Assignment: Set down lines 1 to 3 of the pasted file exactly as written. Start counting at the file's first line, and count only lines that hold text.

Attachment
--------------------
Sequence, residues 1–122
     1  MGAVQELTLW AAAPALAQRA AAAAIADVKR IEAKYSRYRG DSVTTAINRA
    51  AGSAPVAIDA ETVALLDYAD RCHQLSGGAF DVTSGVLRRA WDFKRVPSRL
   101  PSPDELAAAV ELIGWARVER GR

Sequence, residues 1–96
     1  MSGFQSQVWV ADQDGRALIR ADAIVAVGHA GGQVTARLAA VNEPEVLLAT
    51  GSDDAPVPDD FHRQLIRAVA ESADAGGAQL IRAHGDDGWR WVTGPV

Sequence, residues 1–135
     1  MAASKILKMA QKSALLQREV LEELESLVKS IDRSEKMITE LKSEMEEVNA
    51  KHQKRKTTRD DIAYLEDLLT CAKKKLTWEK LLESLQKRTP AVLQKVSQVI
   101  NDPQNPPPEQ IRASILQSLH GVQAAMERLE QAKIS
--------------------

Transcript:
Sequence, residues 1–122
     1  MGAVQELTLW AAAPALAQRA AAAAIADVKR IEAKYSRYRG DSVTTAINRA
    51  AGSAPVAIDA ETVALLDYAD RCHQLSGGAF DVTSGVLRRA WDFKRVPSRL